A first ultrasonic transducer 142 is bonded to the first surface 164 of the first platform 163, whereas a second ultrasonic transducer 144 is bonded to the first surface 167 of the second platform 166. The ultrasonic transducers may be conventional piezoelectric elements. The transducers are electrically connected by conductors 145 and 146 to electronic components on a printed circuit board 150 (FIGS. 5 and 6) which is disposed in cavity 161 of housing element 113. The components on the printed circuit board may include conventional components for driving one of the transducers (referred to herein as the "driven transducer") at an ultrasonic frequency, typically in the megahertz range with an electrical signal, and for amplifying electrical signals from the other one of the transducers (referred to herein as the "receiving transducer"). The electronic components may also include components for comparing the phase of the electrical signals from the receiving transducer with the phase of the signals applied to drive the driven transducer.
 Printed circuit board 150 is connected by conductors 151 to conductors 198 of driveline 130 at a connector 197 engaged in an opening 199 (FIG. 5) communicating with cavity 561. In this embodiment, connector 197 is separate from the power connector 127 (FIG. 1) engaged with the driveline interface 118 (FIG. 2). The conductors associated with connectors 197 and 127 extend within the outer sheath of driveline 130 over most of the length of the driveline, and diverge from one another only in the immediate vicinity of the pump. Conductors 198 of the driveline link the components on PCB 150 with an appropriate circuit in the control unit 191 (FIG. 1).
 A cover schematically indicated at 173 (FIG. 7) overlies cavities 161 and 162, and thus forms a part of the housing which cooperates with housing element 113 to enclose the platforms, transducers, printed circuit board and associated conductors. Cover 173 may be a biocompatible potting material such as an epoxy, or may be a plate fixed to housing element 113 by appropriate fasteners and sealed by an appropriate gasket to prevent entry of body fluids into the cavities 161 and 162.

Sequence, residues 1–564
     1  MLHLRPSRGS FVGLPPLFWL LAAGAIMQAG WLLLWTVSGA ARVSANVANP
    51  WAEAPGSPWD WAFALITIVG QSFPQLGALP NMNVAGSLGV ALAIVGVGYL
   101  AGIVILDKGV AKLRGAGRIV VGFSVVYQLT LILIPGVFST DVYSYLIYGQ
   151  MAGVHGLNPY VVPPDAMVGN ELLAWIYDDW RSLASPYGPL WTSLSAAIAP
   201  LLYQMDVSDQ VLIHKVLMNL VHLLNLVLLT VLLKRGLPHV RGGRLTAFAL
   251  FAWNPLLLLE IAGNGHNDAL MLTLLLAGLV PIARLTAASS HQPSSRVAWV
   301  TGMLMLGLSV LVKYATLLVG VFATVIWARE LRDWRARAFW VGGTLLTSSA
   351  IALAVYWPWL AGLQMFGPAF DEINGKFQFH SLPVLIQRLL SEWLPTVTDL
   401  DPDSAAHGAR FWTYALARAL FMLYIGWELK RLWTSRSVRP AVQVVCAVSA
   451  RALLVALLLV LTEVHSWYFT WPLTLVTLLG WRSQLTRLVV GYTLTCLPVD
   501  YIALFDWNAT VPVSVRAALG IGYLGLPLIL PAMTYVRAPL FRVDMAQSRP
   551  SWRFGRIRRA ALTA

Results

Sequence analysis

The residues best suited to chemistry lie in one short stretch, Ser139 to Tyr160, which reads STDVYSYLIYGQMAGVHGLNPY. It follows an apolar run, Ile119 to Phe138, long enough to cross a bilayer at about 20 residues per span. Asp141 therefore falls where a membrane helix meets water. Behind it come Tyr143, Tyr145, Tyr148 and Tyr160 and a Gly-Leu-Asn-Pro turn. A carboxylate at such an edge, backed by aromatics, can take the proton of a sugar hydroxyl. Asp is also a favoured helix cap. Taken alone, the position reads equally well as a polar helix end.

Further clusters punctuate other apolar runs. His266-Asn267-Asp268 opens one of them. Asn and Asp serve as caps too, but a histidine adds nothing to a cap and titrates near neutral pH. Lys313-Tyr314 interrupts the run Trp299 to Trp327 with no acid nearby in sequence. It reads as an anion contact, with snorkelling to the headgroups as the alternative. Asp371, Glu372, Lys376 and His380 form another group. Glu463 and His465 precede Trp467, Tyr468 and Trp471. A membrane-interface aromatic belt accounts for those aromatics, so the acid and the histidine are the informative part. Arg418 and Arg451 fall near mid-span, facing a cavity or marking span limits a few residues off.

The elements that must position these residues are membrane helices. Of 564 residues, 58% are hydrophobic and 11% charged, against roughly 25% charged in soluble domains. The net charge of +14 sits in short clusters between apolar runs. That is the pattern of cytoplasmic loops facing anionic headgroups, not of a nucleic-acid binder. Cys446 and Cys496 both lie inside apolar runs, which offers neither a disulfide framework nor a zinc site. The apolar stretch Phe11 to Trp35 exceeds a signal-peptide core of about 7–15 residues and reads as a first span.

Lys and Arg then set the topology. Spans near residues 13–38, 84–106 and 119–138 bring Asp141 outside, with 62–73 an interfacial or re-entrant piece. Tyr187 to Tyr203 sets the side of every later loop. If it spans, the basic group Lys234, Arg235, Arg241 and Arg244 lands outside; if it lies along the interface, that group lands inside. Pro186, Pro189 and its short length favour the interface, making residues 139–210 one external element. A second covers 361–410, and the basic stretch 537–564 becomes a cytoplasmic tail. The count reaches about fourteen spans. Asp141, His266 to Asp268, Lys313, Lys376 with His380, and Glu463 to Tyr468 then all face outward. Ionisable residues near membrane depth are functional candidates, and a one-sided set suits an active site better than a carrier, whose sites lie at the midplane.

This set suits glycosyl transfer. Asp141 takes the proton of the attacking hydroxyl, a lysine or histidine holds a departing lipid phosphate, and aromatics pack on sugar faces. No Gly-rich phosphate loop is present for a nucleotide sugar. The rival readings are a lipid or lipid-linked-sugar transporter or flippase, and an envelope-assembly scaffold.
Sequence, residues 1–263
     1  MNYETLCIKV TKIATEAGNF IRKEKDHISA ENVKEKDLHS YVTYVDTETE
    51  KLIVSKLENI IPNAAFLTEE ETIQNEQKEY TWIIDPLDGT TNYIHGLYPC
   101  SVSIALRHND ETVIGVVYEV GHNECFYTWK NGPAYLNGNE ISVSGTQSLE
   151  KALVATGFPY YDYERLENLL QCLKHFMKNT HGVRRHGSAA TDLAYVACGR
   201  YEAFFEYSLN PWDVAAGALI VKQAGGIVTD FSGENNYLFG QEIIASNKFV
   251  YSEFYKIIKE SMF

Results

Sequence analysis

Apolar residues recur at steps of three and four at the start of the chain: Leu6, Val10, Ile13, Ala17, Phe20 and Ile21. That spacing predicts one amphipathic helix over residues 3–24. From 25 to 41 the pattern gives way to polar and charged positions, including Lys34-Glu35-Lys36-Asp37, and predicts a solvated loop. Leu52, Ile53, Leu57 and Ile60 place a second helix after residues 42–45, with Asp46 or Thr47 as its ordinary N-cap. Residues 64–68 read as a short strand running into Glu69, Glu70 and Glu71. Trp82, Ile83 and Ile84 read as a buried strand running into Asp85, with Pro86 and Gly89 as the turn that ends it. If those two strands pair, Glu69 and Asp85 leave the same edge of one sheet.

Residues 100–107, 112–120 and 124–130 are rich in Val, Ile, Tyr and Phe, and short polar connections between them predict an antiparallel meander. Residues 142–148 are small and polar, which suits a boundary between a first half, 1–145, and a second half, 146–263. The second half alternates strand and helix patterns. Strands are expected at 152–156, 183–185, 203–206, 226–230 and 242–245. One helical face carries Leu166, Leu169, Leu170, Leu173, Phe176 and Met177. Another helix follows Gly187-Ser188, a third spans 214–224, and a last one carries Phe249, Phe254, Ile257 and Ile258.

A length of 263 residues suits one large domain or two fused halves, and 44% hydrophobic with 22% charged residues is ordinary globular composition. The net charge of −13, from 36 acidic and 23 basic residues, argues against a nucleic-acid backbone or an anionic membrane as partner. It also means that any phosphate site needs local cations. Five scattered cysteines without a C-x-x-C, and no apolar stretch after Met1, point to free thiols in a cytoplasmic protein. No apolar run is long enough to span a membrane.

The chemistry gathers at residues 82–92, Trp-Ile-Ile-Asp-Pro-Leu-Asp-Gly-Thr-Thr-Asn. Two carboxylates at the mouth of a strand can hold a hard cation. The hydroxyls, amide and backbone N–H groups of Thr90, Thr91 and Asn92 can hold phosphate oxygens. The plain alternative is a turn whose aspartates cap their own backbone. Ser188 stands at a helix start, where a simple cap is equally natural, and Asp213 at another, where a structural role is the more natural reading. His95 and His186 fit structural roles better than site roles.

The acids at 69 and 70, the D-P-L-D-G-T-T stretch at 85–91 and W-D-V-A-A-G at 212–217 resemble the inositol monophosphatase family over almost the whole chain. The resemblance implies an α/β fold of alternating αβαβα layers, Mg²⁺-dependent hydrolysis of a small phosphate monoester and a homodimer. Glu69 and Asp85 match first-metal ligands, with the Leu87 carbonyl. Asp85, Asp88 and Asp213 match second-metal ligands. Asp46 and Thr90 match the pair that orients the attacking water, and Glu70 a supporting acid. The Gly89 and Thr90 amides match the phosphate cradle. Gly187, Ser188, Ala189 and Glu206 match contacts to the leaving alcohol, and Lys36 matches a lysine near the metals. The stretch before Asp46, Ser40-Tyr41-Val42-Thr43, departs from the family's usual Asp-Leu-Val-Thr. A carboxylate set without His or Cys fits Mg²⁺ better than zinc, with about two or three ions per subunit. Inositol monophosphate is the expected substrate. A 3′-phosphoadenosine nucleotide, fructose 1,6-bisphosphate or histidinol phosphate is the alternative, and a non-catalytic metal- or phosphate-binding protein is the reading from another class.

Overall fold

In operation, with the pump operating and forcing blood through the flow path, the control unit actuates the components on PCB 550 to drive one of the transducers. For example, the control unit and components on PCB 550 may cause the first or upstream transducer 143 to emit ultrasonic waves. These waves pass along a path 174 at an oblique angle to the direction of the blood flow (the downstream direction) and impinge on the wall of the flow path defined by the second or upper housing element 112 at a point 175. The ultrasonic waves are reflected along a further portion of path 174, also oblique to the downstream direction, back to the receiving transducer, in this case the second or downstream transducer 144. The receiving transducer converts the ultrasonic waves to electrical signal. Because the path from the driven transducer to the receiving transducer has a component parallel to the direction of flow of the blood, the time of flight of the ultrasonic waves is influenced by the velocity of the blood according to the well-known Doppler effect. This causes the phase of the received ultrasonic waves to vary with the blood velocity, and thus with the flow rate. Because the housing elements 112 and 113 are rigid, the geometry of the system is fixed. As used in this disclosure, the term "rigid" should be understood as meaning that the housing elements do not distort in normal operation of the pump to a degree which would appreciably affect the phase difference between the received and emitted ultrasonic waves. The mathematical relationships used to convert phase difference to flow velocity, and to convert flow velocity to flow rate, are well known. The circuits used to measure phase difference are also well known and accordingly are not further described herein.